A Chinese antique collector said yesterday he was the mystery collector behind winning bids for two imperial bronzes auctioned at Christie’s over Beijing’s objections, and that he made bogus offers to protest any sale of the looted relics.
“What I need to stress is that this money cannot be paid,” auction house owner Cai Mingchao (蔡銘超) told a news conference in Beijing. “At the time, I was thinking that any Chinese would do this if they could ... I only did what I was obliged to.”
The sensational announcement was the latest twist to a 150-year-old drama over the bronze rabbit and rat heads, which British and French forces stole from Beijing’s Summer Palace towards the end of the Second Opium War.
The bronzes, part of the art collection of late French fashion designer Yves Saint Laurent and his partner Pierre Berge, sold for 15.7 million euros (US$20.3 million) each at the Christie’s auction in Paris last Wednesday.
Beijing had repeatedly demanded the sale not go forward and that the relics be returned to China.
A transcript of Cai’s press conference was released by China’s Lost Cultural Relics Recovery Program, a cultural body that Cai advises, and which is dedicated to retrieving Chinese relics from abroad.
The transcript did not specify whether Cai could not pay for the relics because he did not have the money, or whether his inability to pay was for other reasons, such as his conscience not allowing him to buy looted items.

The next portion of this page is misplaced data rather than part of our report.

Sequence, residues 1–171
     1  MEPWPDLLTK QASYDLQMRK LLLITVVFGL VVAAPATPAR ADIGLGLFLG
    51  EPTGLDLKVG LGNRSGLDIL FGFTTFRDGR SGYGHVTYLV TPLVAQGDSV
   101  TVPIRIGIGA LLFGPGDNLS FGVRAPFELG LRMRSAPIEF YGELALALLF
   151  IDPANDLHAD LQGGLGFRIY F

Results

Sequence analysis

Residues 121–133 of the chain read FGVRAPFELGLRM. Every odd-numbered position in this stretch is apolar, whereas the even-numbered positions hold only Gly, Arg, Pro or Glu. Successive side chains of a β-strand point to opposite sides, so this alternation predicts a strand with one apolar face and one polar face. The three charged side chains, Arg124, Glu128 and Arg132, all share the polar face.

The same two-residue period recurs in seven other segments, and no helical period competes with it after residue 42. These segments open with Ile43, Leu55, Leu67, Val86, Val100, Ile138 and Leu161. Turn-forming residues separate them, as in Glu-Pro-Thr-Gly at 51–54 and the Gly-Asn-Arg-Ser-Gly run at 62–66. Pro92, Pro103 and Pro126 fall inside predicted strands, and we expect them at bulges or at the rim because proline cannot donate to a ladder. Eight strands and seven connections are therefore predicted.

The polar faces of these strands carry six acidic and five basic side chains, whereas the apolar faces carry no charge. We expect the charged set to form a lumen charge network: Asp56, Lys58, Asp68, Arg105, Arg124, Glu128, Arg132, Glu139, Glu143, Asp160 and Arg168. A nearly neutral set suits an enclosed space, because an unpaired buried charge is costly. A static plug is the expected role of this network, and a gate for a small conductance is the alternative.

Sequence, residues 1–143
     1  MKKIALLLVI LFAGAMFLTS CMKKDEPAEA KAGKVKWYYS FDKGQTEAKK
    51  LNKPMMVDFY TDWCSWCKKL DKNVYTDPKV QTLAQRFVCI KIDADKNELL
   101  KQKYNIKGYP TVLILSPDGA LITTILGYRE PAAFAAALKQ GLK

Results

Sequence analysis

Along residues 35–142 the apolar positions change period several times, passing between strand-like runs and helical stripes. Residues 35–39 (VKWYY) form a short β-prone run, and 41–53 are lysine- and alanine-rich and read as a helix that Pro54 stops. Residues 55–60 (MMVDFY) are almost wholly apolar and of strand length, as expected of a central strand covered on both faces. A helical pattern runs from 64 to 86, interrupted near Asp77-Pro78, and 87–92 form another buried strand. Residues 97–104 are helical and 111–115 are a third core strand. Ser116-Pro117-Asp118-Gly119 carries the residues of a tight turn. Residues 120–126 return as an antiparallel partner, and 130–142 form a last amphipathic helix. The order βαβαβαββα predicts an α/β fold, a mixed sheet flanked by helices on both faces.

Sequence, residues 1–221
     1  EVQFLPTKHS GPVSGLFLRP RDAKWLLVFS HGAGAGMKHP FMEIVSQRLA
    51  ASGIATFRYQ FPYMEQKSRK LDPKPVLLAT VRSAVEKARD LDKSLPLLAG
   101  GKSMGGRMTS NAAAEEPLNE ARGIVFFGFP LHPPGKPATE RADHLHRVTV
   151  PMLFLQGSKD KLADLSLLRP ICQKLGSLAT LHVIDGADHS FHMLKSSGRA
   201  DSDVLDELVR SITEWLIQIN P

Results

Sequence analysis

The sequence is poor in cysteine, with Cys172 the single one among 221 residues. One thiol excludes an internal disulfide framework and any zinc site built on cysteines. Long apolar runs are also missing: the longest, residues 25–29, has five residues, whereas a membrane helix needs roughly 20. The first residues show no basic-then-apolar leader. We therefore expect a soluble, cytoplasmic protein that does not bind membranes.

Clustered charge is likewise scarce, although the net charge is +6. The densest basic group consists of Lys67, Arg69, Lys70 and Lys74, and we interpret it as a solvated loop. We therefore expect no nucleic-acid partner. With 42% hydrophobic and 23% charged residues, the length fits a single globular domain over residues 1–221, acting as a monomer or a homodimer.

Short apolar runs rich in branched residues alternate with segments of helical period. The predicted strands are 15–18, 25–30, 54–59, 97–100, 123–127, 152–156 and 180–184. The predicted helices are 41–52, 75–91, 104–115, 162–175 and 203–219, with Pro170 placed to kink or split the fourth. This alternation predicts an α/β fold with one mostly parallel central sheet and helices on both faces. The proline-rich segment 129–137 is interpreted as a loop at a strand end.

In the same statement, the vice head of the fund, Niu Xianfeng (牛憲峰), praised Cai while also saying the money “cannot” be paid.
Xinhua news agency carried an English-language report quoting Niu that indicated the fund and Cai, an advisor to the body, had worked together to sabotage the auction.
“The fund faced great pressure and risks by bidding for the two sculptures, but this was an extraordinary method taken in an extraordinary situation, which successfully stopped the auction,” Xinhua quoted Niu as saying.
However, creating further confusion over the issue, Xinhua’s Chinese-language service indicated the money might be paid.
“We ... are still within the payment period, it is not known right now whether or not the deal will go through,” it quoted Niu as saying.
Christie’s Web site said winning bidders at the auction had seven days to pay for the items.
Christie’s could not confirm Cai as the bidder, said Yvonne So, a Hong Kong-based spokeswoman for the auction house. Christie’s usually works with the buyer and vendor to find a solution if the bidder can’t or won’t pay, she said.
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